The Parenting Advice That Changed My Life


I grew up believing that the metric of good parenting was how children behaved. If I was doing my job as mom right, then you could tell. You’d see children who accepted “no” with a smile. You’d see children who listened the first time when told to do something. You’d see children who were always happy and thankful. 

This philosophy never served me well. It made me anxious and angry. I resented the ways in which my children were, well, children. It blurred the lines between what my kids needed and what I needed. It was stressful and heavy.

And then I met Kathryn. 

Kathryn served as the department chair for special education at the middle school where I began my teaching career. She was equal parts serious, thoughtful, and funny. It wasn’t necessarily her years of experience and education that drew me to her, it was the way she talked about her children. There was a quality that Kathryn demonstrated over and over and over: My children are human, and so am I. 

If Kathryn reads this, she might laugh at the headline for good reason. Kathryn never actually gave me advice. She never told me how to be a parent, just like she never told me how to be a teacher. Instead, she offered questions as ways to think about decisions. And there was one question that changed the trajectory of my parenting forever:

“What if the metric of your parenting is not how your kids respond to you, but how you respond to your kids?”

The shift may seem small, but the effects were dramatic. And the more I thought about it, the more I appreciated this perspective. If the litmus test of my parenting was my reaction to what my kids did, I no longer felt burdened by the unsuspecting reactions my children could demonstrate. I felt empowered by the sentiment that things I could control such as my reactions, my choices, and my words were used to measure my parenting. 

Don’t be fooled. This change in thinking didn’t make parenting easier. I don’t think parenting is easy, at least not usually. But it made parenting more fair, both to me and my family. I try to no longer burden my kids to do something for the sake of what people might think. I have tried to stop conditioning my kids to believe that their job is to always please me. I feel like I do my best to give my children permission to be human, which sets the stage for exploring feelings, thoughts, and the power of our choices. 

3 Ways to Shift Your Parenting Dynamic


Just because you know what you don’t want to do, doesn’t mean you know what you do want to do. Spend some time considering the values you want to demonstrate consistently for your children. Brene Brown’s Parenting Manifesto served as a guide for me to think about how I could respond to my children’s humanity. 


Just because you become a parent doesn’t mean you know how to parent. We can approach parenting the same ways in which we approach a new job, by learning. Typically, the more information we have, the better decisions we can make. This is just as true for raising humans. Reading books, listening to podcasts, following social media accounts that produce content specific to parenting are all ways to continue learning how to be the best parents for our kids. When we know better, we can do better.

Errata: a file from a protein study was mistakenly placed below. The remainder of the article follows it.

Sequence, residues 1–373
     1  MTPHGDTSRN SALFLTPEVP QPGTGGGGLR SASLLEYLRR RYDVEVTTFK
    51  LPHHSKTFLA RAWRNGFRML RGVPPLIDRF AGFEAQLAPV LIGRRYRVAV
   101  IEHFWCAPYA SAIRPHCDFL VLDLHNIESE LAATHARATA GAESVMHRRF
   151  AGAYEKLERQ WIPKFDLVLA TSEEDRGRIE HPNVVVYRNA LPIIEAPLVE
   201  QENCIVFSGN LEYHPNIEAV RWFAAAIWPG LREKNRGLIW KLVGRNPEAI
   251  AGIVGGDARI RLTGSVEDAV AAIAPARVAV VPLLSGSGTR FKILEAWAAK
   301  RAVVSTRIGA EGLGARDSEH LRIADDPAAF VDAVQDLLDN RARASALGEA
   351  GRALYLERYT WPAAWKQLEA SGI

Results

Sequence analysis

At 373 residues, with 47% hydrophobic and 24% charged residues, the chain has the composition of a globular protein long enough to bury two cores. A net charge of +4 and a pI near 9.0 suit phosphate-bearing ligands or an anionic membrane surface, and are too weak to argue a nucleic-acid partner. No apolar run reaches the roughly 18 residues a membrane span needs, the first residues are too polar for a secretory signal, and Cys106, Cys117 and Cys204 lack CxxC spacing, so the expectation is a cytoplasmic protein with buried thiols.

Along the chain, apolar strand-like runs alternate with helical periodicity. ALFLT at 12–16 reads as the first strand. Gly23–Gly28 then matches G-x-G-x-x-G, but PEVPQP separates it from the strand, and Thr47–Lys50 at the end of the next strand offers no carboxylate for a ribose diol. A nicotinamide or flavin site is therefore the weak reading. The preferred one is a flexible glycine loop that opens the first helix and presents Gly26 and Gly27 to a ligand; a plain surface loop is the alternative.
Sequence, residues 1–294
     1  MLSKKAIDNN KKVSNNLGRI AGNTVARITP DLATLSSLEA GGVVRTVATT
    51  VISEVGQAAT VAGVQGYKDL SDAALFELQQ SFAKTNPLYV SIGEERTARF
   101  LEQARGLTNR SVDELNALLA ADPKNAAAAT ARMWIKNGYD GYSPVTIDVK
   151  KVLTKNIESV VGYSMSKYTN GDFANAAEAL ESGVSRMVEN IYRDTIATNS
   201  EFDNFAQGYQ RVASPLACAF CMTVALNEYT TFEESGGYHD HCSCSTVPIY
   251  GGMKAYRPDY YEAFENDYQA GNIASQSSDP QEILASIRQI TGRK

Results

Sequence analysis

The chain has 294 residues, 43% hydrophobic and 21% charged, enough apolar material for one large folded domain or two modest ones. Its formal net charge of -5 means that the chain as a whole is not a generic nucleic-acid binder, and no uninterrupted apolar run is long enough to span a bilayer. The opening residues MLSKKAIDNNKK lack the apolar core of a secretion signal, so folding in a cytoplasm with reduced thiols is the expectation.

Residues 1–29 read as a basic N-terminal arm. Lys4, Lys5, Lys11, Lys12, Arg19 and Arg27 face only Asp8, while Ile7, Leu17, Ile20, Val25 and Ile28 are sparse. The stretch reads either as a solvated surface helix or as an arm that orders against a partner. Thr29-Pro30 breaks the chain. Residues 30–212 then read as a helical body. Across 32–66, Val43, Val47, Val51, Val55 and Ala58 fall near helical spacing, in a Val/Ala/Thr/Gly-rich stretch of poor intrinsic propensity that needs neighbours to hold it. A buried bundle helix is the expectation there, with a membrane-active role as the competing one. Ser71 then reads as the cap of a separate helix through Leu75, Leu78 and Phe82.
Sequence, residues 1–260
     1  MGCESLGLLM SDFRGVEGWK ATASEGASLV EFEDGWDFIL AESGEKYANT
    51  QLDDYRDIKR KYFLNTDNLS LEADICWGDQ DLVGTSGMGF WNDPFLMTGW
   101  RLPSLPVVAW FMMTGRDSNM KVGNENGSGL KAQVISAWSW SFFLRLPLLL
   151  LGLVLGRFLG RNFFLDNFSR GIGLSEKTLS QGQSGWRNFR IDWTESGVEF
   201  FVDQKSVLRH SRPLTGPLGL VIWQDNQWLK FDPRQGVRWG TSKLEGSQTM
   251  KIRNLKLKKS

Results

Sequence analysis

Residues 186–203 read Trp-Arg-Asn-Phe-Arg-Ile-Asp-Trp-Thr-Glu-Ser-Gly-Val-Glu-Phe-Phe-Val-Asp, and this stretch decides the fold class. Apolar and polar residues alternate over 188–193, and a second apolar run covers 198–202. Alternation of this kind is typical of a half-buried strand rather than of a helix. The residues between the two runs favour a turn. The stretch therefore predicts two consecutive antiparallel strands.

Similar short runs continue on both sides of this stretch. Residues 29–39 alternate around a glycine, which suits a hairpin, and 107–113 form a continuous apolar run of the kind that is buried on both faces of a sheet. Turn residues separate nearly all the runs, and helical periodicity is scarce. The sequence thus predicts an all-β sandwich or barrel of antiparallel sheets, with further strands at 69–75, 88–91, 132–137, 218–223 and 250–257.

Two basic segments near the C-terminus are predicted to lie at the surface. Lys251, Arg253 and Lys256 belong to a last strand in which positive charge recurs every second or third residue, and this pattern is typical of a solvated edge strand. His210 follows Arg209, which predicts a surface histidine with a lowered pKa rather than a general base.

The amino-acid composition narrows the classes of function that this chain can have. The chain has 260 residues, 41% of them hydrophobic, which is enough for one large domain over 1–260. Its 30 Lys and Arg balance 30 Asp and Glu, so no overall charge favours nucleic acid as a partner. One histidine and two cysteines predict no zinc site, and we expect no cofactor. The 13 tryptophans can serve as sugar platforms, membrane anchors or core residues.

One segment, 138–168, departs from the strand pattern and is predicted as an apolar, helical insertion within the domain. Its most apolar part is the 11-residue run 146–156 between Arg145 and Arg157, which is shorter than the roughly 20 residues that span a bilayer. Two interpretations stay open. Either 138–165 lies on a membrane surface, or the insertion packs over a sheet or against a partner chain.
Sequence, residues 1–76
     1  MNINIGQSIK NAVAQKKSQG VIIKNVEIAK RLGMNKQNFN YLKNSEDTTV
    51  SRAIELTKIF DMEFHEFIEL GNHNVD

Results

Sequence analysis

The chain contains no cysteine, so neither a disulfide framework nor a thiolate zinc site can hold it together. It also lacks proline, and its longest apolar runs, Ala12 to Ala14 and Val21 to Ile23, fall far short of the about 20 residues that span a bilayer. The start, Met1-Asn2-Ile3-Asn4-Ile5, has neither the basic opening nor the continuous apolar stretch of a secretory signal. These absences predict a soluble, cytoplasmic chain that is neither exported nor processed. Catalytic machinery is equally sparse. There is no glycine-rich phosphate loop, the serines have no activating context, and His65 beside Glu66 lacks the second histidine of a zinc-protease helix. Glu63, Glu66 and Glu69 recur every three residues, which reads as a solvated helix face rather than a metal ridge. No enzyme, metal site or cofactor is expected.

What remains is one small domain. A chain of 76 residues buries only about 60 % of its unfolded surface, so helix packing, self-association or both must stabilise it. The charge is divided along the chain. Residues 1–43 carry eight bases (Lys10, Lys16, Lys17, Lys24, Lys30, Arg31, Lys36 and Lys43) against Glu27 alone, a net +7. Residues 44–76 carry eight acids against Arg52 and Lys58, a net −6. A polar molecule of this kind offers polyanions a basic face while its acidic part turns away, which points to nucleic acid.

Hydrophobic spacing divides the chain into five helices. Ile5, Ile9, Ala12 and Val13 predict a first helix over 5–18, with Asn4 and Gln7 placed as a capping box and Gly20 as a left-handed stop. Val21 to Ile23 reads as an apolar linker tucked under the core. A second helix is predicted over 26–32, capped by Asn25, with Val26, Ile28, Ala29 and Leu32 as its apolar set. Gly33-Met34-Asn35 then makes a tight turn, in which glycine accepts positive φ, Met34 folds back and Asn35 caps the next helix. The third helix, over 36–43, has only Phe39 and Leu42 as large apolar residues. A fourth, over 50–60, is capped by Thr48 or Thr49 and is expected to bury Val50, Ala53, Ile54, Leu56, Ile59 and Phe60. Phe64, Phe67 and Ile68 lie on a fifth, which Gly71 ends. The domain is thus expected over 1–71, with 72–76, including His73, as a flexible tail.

Just because you think it’s a good idea doesn’t mean others will agree. Be prepared for those who parent differently to cast their judgements and criticisms, especially those closest to you. You don’t need others to agree with your parenting philosophy, but you can ask for them to respect your decisions as a parent. Consider what you need to communicate to the adults in your world that might be your loudest critics. 

To the momma who feels like she’s failing at her job because of her child’s emotional reactions or behavior meltdowns, I want to assure you that you are not a failure.

To the momma who lives with the pressure and anxiety that her children need to act like adults when around adults so that adults feel good, I want to offer you an alternative.

To the momma who believes that parenting is about controlling, let me remind you that parenting can include a whole lot more. 

Read More: Parenting a Highly Sensitive Child

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Kathy Riojas-Crespo
Kathy is a native Texan who has lived in Carrollton since she was four. She holds a master's degree in counseling from SMU. After 13 years in public education, Kathy traded middle-school hallways for a small office in a private practice. She and her husband, Juan, are raising three children whose ages span from 21 to four years old. Following an autism diagnosis of their youngest son, Kathy has prioritized mental and physical health. Nothing prepares you for this news as a parent. Kathy credits her friends, family, faith, Trader Joe's, Orangetheory, and the occasional weekend getaway for keeping her fulfilled and sane.


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